The Secret Epidemic: The Story of AIDS and Black America

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Knopf Doubleday Publishing Group, Feb 3, 2004 - Social Science - 320 pages
Half the people in the United States who are diagnosed with HIV are now African American. Through the eyes of those on the front lines of the crisis, journalist Jacob Levenson tells a story of race and public health that spans fifty years and reveals how AIDS has become one of the leading killers of young black men and women. Medical researcher Mindy Fullilove investigates the epidemic’s links to crack cocaine, the Bronx fires, and national health policy. Desiree Rushing must reconcile her crack addiction and HIV infection with the fate of her city, family, and the black church. David deShazo, a white AIDS worker in Alabama, fights to prevent the American South from becoming the epidemic’s new epicenter. And Mario Cooper, a gay, infected son of the black elite confronts the boundaries of American race politics in Washington, D.C. Seamlessly interweaving personal stories with national policy, Levenson indelibly captures this devastating epidemic and illuminates its potential to expand our understanding of race in America.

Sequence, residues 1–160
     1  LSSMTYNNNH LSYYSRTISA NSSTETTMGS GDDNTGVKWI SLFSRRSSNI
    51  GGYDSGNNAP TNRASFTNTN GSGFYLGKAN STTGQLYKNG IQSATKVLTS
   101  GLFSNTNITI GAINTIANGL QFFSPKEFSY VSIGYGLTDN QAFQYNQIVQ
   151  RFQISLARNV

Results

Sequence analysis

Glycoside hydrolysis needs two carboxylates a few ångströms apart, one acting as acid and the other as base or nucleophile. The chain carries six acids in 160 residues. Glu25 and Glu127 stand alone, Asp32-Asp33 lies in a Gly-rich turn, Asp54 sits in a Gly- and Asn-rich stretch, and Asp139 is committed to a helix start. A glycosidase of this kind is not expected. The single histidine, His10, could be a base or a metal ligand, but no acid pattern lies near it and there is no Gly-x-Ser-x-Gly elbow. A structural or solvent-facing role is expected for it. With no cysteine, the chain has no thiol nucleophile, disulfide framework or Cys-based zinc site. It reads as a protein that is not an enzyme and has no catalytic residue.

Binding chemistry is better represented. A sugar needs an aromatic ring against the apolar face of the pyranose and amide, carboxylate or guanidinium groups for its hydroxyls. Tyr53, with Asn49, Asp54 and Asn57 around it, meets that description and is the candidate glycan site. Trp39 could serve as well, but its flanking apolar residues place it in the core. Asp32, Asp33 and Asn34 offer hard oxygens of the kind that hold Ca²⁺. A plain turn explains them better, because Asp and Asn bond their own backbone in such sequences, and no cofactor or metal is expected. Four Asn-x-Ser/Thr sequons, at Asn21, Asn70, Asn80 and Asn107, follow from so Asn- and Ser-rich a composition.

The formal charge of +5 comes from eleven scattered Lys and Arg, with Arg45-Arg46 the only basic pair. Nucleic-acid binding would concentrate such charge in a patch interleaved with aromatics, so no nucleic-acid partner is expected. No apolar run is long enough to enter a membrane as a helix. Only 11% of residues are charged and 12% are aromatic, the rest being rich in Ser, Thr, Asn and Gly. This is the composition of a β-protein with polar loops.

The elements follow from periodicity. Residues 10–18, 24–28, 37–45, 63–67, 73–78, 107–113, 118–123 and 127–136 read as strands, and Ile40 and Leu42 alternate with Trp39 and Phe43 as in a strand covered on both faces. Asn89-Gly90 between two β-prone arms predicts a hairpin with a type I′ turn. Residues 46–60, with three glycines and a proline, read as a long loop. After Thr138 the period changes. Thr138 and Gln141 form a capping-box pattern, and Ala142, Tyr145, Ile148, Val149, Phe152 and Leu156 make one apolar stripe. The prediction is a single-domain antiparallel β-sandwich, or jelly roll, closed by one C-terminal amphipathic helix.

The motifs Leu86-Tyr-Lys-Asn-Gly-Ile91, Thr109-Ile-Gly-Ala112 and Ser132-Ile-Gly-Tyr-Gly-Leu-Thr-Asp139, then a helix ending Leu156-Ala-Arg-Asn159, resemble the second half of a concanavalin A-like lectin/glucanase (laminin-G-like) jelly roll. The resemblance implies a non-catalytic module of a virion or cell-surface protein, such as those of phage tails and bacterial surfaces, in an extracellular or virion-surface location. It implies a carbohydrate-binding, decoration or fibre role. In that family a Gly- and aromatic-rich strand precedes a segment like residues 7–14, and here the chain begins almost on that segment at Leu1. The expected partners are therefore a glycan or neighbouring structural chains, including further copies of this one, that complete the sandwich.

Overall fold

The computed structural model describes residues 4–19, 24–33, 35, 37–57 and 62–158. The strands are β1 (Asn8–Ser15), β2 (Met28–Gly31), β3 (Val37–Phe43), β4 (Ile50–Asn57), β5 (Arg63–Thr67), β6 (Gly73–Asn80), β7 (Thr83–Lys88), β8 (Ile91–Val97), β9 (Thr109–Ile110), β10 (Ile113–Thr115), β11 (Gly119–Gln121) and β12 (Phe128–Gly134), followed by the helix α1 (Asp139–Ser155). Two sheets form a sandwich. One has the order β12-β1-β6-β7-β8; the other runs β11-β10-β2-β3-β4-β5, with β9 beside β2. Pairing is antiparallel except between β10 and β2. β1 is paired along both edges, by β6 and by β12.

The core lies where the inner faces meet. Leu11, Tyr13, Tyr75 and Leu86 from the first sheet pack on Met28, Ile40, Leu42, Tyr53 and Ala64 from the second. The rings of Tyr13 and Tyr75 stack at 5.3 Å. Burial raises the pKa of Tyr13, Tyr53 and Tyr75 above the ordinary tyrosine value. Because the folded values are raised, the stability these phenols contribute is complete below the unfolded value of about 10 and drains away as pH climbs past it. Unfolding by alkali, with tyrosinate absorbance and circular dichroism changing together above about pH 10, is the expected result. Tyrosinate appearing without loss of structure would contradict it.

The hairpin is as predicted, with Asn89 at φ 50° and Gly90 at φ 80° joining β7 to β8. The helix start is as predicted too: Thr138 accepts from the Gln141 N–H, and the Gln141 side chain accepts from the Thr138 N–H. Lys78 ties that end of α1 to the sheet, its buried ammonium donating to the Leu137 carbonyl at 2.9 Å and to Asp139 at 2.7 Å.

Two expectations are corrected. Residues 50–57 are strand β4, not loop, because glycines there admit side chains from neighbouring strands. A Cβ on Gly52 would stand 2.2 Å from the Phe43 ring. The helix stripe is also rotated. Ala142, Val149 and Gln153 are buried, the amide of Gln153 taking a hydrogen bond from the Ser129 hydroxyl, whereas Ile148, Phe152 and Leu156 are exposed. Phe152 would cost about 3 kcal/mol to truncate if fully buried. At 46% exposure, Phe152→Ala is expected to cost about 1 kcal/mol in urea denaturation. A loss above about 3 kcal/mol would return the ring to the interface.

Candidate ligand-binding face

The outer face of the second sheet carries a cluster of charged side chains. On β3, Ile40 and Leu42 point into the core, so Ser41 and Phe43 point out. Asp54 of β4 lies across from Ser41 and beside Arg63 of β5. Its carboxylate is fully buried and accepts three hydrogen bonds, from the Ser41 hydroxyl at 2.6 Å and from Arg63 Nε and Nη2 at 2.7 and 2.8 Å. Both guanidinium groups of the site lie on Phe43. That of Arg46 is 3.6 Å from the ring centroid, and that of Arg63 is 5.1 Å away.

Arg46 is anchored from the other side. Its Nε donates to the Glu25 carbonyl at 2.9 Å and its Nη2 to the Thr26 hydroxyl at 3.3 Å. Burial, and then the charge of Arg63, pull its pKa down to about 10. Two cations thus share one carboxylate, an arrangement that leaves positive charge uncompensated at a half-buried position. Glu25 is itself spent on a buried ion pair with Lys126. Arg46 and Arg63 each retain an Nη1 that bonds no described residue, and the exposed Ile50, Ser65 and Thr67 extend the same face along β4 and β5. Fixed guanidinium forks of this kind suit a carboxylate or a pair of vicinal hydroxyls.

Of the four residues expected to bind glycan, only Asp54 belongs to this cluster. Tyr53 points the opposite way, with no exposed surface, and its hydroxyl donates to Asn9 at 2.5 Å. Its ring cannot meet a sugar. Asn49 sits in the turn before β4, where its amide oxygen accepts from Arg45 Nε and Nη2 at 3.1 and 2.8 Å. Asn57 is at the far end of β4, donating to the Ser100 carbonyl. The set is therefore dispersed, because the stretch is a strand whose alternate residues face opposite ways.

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The secret epidemic: the story of AIDS and Black America

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Journalist Levenson (Vibe, the Oxford American) received an Open Society Institute grant to research this book, which he terms "an exploration of the interior experience of the black AIDS epidemic ... Read full review

Contents

PROLOGUE
Allied
The Heir
Fire
Invisible
Fractured
Surfacing
Esther and the King
The Guardians
The Long Dream
EPILOGUE
ACKNOWLEDGMENTS
INDEX
About the Author

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About the author (2004)

Jacob Levenson has written about AIDS for Vibe, The Oxford American, and Mother Jones, and he received a grant from the Open Society Institute to work on this book. He studied at the University of California, Berkeley, and he received a master’s degree in journalism from Columbia University. He lives in Brooklyn.

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